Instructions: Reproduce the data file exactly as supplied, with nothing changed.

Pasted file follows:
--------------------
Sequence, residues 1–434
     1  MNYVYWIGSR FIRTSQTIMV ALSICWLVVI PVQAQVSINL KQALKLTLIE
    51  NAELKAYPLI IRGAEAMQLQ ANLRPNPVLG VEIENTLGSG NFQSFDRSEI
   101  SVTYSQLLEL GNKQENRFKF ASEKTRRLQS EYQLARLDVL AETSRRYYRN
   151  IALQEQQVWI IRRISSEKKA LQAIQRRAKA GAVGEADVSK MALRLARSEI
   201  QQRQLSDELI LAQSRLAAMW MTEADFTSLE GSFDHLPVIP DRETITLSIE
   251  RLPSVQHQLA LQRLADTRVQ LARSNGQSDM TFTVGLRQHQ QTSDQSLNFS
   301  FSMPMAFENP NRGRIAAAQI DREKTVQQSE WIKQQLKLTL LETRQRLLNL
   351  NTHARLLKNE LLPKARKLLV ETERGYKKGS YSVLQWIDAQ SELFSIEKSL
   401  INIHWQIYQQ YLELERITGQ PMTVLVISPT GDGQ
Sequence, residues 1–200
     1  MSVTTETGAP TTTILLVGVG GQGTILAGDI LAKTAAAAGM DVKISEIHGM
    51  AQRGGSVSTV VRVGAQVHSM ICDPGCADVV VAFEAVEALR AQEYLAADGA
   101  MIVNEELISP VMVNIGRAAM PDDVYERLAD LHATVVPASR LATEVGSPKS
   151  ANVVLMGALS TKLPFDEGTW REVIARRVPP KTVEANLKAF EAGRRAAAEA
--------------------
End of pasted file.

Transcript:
Sequence, residues 1–434
     1  MNYVYWIGSR FIRTSQTIMV ALSICWLVVI PVQAQVSINL KQALKLTLIE
    51  NAELKAYPLI IRGAEAMQLQ ANLRPNPVLG VEIENTLGSG NFQSFDRSEI
   101  SVTYSQLLEL GNKQENRFKF ASEKTRRLQS EYQLARLDVL AETSRRYYRN
   151  IALQEQQVWI IRRISSEKKA LQAIQRRAKA GAVGEADVSK MALRLARSEI
   201  QQRQLSDELI LAQSRLAAMW MTEADFTSLE GSFDHLPVIP DRETITLSIE
   251  RLPSVQHQLA LQRLADTRVQ LARSNGQSDM TFTVGLRQHQ QTSDQSLNFS
   301  FSMPMAFENP NRGRIAAAQI DREKTVQQSE WIKQQLKLTL LETRQRLLNL
   351  NTHARLLKNE LLPKARKLLV ETERGYKKGS YSVLQWIDAQ SELFSIEKSL
   401  INIHWQIYQQ YLELERITGQ PMTVLVISPT GDGQ
Sequence, residues 1–200
     1  MSVTTETGAP TTTILLVGVG GQGTILAGDI LAKTAAAAGM DVKISEIHGM
    51  AQRGGSVSTV VRVGAQVHSM ICDPGCADVV VAFEAVEALR AQEYLAADGA
   101  MIVNEELISP VMVNIGRAAM PDDVYERLAD LHATVVPASR LATEVGSPKS
   151  ANVVLMGALS TKLPFDEGTW REVIARRVPP KTVEANLKAF EAGRRAAAEA